- He was crucified, died, and was buried.
- On the third day he rose again from the dead.
- Jesus ascended into heaven,
- He is seated at the right hand of God the Father Almighty.
- Jesus will come and judge the living and the dead.
- The Holy Spirit exists.
- The universal Church exists and is the work of God. Universal includes all Christians in all places and all times in human history.
- Baptism unites the Church into one communion.
- Jesus Christ’s work forgives sins and makes possible the resurrection of the dead.
- The followers of Jesus Christ will live forever.
Being longer, the Nicene Creed adds elements either implied or simply absent in the Apostle’s Creed
- Jesus was begotten (not created) and is of the same substance as the Father.
- Jesus descended from heaven.
- His kingdom will have no end.
- The Holy Spirit proceeds from the Father and Son and is glorified.
- The Holy Spirit speaks through the prophets.
- The Church is holy (set apart to God)
- The Church is apostolic, governed by the teachings of the Apostles and by the authority of the successors of the Apostles. This includes the Pope, Patriarchs (Bulgarian, Georgian, Serbian, Russian, Romanian, Assyrian Church of the East).
The Apostle’s not the Nicene Creed, states that Jesus descended into hell. It specifies the resurrection of the body.
One can object to the idea that a certain fund of knowledge is required for salvation. After all, one might say, the thief on the cross was clearly saved and yet understood little. There are flaws in this reasoning:
- We do not know if the thief had a history with Jesus. He could have been a distant follower or an observer of Jesus for some of His ministry.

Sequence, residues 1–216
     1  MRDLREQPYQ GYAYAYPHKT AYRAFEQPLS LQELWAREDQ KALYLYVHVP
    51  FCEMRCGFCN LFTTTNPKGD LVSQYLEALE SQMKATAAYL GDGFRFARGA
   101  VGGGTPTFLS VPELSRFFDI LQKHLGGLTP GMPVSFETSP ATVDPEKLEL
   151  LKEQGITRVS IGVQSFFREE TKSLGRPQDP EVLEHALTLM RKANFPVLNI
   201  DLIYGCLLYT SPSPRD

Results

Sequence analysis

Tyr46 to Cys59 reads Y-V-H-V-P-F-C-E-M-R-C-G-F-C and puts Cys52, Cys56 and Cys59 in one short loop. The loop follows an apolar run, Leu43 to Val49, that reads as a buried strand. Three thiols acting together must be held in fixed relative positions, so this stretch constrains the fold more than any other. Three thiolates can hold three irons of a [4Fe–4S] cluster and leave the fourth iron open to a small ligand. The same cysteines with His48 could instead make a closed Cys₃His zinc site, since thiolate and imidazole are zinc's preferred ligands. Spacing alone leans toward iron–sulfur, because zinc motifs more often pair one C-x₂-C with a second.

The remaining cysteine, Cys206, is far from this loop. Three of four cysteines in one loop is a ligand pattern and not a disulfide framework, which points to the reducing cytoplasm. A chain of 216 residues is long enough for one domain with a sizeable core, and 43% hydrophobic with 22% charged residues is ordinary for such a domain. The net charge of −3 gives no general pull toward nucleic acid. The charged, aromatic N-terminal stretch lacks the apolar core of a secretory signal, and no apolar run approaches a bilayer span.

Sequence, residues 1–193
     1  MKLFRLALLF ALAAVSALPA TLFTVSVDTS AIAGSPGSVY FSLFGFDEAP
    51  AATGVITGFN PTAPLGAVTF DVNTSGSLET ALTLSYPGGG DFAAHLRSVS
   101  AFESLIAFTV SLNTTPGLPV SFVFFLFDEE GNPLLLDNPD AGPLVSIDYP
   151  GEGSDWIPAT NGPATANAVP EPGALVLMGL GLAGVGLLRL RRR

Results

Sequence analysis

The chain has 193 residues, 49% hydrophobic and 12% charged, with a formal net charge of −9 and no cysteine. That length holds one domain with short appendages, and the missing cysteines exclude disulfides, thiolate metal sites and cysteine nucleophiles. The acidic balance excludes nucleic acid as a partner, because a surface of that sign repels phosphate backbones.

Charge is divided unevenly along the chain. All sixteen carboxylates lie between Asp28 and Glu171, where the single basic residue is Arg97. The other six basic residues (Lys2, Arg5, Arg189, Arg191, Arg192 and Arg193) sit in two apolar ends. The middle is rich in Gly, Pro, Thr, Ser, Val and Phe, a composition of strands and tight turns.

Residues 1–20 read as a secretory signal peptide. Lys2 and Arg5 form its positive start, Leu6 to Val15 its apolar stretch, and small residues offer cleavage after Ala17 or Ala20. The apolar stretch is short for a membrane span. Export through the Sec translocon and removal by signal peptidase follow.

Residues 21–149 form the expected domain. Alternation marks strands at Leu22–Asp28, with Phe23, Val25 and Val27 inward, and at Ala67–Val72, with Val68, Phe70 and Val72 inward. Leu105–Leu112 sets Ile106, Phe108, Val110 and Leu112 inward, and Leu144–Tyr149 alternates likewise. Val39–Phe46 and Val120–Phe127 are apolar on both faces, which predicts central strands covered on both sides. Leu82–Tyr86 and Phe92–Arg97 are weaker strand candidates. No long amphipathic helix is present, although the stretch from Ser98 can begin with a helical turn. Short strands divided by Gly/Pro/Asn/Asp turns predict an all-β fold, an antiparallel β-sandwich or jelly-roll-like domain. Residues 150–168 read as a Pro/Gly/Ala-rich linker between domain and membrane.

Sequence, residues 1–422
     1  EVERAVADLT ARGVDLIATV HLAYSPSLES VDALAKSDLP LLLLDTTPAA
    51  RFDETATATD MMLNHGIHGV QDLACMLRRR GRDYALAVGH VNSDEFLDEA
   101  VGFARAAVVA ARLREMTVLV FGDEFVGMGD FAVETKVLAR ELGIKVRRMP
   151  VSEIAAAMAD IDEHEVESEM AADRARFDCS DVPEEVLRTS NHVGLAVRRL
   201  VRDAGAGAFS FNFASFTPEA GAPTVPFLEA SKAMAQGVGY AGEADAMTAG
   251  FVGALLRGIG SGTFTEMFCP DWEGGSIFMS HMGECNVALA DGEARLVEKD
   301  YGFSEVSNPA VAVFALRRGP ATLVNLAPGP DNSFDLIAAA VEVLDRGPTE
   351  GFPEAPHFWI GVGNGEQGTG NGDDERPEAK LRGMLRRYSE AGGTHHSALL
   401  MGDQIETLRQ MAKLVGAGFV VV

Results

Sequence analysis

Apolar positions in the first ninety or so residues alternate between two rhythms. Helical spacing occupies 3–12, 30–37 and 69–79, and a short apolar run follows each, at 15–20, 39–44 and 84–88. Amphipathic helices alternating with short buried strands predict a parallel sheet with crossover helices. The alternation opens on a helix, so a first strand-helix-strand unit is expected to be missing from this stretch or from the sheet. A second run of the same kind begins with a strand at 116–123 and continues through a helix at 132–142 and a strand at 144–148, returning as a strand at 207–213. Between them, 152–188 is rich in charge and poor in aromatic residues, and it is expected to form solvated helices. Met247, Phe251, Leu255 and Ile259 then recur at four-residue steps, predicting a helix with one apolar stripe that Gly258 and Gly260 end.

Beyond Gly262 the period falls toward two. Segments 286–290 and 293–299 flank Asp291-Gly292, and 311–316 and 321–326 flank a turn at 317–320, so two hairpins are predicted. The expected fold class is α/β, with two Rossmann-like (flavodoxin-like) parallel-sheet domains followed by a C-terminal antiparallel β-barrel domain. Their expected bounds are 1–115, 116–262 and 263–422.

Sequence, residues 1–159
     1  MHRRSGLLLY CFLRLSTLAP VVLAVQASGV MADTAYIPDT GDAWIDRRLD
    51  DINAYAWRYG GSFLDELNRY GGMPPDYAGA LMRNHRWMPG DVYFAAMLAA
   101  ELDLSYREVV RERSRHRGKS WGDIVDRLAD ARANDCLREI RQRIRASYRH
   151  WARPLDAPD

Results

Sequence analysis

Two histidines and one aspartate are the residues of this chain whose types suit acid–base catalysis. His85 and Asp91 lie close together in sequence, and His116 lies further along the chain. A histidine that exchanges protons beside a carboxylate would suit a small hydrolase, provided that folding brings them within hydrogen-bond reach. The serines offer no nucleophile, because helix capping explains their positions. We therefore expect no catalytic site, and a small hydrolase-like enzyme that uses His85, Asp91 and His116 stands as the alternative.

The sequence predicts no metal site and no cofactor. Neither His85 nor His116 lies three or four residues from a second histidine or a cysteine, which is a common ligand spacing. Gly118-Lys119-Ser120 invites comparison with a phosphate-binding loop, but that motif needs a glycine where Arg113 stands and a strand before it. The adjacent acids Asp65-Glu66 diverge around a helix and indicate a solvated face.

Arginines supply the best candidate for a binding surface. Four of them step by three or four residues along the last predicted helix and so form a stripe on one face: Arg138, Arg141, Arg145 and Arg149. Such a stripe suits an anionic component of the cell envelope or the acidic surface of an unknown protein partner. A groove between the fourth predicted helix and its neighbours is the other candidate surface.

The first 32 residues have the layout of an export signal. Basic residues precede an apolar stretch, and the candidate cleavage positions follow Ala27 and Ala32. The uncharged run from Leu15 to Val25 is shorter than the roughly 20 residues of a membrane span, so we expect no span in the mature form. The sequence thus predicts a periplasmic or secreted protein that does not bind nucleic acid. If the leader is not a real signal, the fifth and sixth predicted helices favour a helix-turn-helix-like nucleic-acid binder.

- We do not know if the thief learned about Jesus through others in his circle.
- As He has done throughout time, God miraculously gave the thief enough insight on the cross to follow Jesus. We do not know what that insight included.
- The Father judges people based on what they do with what they are given. The thief was in a unique circumstance, with limited time to learn about Jesus. Most people are not in his circumstance but have the opportunity to know more. They will be held accountable for their greater knowledge.
The goal, of course, is to believe what the Bible says in all its fulness and reject everything that Scripture rejects. Even a lifetime of study, however, will not accomplish this feat. Creeds like the Apostolic and the Nicene distill the core of the work of God in Jesus communicated through the Bible into something that everyone can memorize and believe. Honest Christians will disagree on whether some points in the Creeds, such as Jesus descending to hell, is required for faith. They will differ on the legitimacy of Pope and Patriarch. But people must agree with the vast majority of the points written here…or they are not Christians. People who claim to follow Jesus but do not hold these key views do not belong in the Church.
What must I do to be saved? Believe on the Lord Jesus Christ. What does that mean? Have a relationship with Him, including knowing about Him, feeling for Him, spending time with Him, and being committed to Him. What do I need to know about Jesus? Know the whole Bible, but begin with learning, understanding, and even memorizing the historic creeds of the Church. Knowing the Nicene and Apostle’s Creeds opens the door to a deeper understanding of God and of the Christian faith. Knowing them helps churchgoers know who is trustworthy and who is not. Believers will act accordingly.
 Malise Ruthven, Islam in the World (London: Granta, 2006).
 Malise Ruthven, Islam in the World (London: Granta, 2006).
 R C Zaehner, Hinduism (Oxford Paperbacks, 1966).
 Patrick Olivelle, The Law Code of Manu (Oxford: Oxford University Press, 2004).
 Peter Harvey, An Introduction to Buddhism (Cambridge University Press, 2012).